- Time to chat with other Mums to be and your instructor. Sometimes during pregnancy – which is often a rollercoaster of ups and downs, worries and joy – all that is needed is a good chat with other pregnant women and some reassurance and friendly and well informed advice from your yoga instructor. Take some time either before or after class to talk if you feel it will help alleviate any concerns or fears.
Helpful Tips for Pregnancy Yoga:
During pregnancy there is a sense of uniting with your baby. Pregnancy yoga is a wonderful way to embrace this transformation and unity. It promotes relaxation through the practice of specific breathwork (Pranayama) and Yoga Postures (Asana), improving muscle strength and tone. It helps to calm the mind and reduces stress. This allows for better health and vitality throughout pregnancy.
It is wise to wait to join a pregnancy yoga class until after your 14th week. It is never too late to start and the practice of yoga will help to prepare both you and your baby by strengthening, toning and stretching areas of your body which play a big role in supporting your growing baby and facilitating an easier delivery and birth. You will also learn useful relaxation and breathing techniques for labour. You can continue to practice right up until the birth of your baby unless otherwise advised by your doctor.
Yoga – when practiced under the guidance of an experienced and qualified pregnancy yoga instructor – is an extremely safe practice for pregnancy. However – whether you are new to yoga or have a regular practice there are a few things to be aware of.
1. Remember always to move slowly and gently. Some yoga postures are not suitable for pregnancy and may be uncomfortable for you or your baby! If you any questions regarding this please always ask!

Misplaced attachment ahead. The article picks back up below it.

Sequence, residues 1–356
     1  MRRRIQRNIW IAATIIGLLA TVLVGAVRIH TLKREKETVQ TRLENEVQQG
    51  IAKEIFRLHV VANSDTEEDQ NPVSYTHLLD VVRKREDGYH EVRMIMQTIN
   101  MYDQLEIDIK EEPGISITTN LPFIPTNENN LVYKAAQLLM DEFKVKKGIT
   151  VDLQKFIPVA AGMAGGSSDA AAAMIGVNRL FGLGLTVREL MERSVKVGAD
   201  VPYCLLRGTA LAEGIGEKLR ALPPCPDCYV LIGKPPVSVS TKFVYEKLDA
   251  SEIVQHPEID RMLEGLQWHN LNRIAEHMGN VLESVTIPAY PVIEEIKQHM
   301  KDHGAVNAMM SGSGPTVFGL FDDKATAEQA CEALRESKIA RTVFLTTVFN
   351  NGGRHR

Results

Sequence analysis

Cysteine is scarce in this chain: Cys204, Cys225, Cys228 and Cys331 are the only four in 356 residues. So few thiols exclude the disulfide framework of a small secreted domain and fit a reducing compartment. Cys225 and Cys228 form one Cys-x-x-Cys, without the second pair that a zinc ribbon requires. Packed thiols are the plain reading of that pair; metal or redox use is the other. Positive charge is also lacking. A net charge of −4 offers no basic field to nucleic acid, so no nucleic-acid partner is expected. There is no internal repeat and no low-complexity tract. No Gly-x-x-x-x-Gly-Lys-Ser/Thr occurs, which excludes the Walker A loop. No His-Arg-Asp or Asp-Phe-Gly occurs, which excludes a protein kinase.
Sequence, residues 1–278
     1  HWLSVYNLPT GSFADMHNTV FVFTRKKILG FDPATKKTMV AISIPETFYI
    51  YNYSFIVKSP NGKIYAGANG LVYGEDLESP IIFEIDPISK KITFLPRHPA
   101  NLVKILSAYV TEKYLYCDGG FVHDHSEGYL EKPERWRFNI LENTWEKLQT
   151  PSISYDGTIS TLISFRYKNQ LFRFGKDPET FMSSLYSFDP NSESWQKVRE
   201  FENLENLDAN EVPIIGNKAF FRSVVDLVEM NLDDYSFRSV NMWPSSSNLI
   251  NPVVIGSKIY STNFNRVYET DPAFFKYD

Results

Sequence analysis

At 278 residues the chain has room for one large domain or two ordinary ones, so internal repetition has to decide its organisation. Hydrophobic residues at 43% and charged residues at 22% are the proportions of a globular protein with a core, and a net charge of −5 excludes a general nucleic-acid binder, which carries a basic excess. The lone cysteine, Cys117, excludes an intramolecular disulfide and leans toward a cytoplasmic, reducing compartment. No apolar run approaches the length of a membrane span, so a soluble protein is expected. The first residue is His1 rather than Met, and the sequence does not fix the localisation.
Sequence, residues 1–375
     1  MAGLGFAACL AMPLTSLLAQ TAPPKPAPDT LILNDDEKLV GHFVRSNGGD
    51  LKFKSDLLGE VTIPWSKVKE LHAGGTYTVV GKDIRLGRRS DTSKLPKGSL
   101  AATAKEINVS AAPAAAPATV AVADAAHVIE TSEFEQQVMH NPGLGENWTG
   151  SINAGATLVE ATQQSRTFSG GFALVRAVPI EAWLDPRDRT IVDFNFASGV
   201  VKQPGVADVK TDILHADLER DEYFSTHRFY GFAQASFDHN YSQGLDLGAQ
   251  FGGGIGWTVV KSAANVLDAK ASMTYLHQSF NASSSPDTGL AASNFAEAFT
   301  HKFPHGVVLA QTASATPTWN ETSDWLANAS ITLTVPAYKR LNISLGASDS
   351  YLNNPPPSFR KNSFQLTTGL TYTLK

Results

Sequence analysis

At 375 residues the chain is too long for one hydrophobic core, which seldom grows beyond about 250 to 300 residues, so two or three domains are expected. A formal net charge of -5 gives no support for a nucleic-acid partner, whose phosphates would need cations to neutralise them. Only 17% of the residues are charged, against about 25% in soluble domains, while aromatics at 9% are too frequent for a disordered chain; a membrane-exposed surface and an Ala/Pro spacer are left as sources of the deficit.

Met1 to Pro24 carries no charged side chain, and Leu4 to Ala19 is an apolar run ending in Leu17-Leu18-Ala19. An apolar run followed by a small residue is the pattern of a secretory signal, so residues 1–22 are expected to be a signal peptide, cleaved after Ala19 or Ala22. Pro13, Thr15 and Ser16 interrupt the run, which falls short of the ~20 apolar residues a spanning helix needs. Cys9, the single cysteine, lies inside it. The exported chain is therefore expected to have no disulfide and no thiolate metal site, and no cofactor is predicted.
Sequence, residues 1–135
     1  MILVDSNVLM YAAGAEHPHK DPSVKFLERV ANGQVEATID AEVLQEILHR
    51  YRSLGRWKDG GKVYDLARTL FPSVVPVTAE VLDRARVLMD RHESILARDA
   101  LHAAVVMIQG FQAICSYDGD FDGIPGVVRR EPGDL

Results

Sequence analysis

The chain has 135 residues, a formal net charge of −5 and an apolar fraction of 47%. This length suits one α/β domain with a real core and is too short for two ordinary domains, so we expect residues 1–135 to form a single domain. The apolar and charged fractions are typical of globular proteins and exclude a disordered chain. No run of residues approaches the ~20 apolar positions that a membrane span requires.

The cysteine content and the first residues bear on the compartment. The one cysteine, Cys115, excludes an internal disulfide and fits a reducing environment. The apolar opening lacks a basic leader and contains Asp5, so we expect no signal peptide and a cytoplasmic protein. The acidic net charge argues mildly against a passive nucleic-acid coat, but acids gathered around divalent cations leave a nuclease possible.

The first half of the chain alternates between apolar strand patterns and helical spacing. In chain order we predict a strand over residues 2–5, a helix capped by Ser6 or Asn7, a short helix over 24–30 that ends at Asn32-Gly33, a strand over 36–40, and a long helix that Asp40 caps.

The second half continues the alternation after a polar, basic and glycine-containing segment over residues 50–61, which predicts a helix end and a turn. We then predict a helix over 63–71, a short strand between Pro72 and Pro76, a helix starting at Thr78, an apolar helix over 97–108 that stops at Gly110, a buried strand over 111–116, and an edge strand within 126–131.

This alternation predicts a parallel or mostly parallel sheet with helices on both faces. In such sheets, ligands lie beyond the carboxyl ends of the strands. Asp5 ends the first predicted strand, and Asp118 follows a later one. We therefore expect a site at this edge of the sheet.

2. Due to hormonal changes in pregnancy joints become looser. It is helpful to be mindful of this, avoiding the temptation to move into this new openness as it is easy to cause injury.
3. If something doesn’t feel good don’t do it. Be sensitive to the transformation occurring in your body and focus on connecting with your beautiful baby rather than pushing to your maximum capabilty.
4. Always keep the breath soft and gentle, focus on the exhale and letting go. It is important to avoid any breath retention or pumping during pregnancy.
5. It is very important to keep well hydrated during class. Always bring water with you. Remember to eat something light before class i.e. piece of fruit or some nuts and have a snack afterwards.
6. If you feel dizzy or lightheaded please let me know. Sit or lie down and be with your breath.
7. If you are feeling tired, please rest. Sometimes that is all that is needed!
8. It is advisable to use lots of extra props and support throughout class (these will be supplied) – even if this would not be part of your normal practice.
9. It is beneficial to practice breath work, sonic massage, pelvic floor exercises and relaxation techniques at home. These are all extremely helpful both in preparation for and during labour.
10. Finally if anything changes from week to week with regards to you or your baby I would be grateful if you could inform me.
Mum & Baby Post-Natal Yoga –
We currently do not have a Mum and Baby class on our schedule but will be introducing one very soon. Please contact Liz Richards on 086 8963425 if you are interested in this class.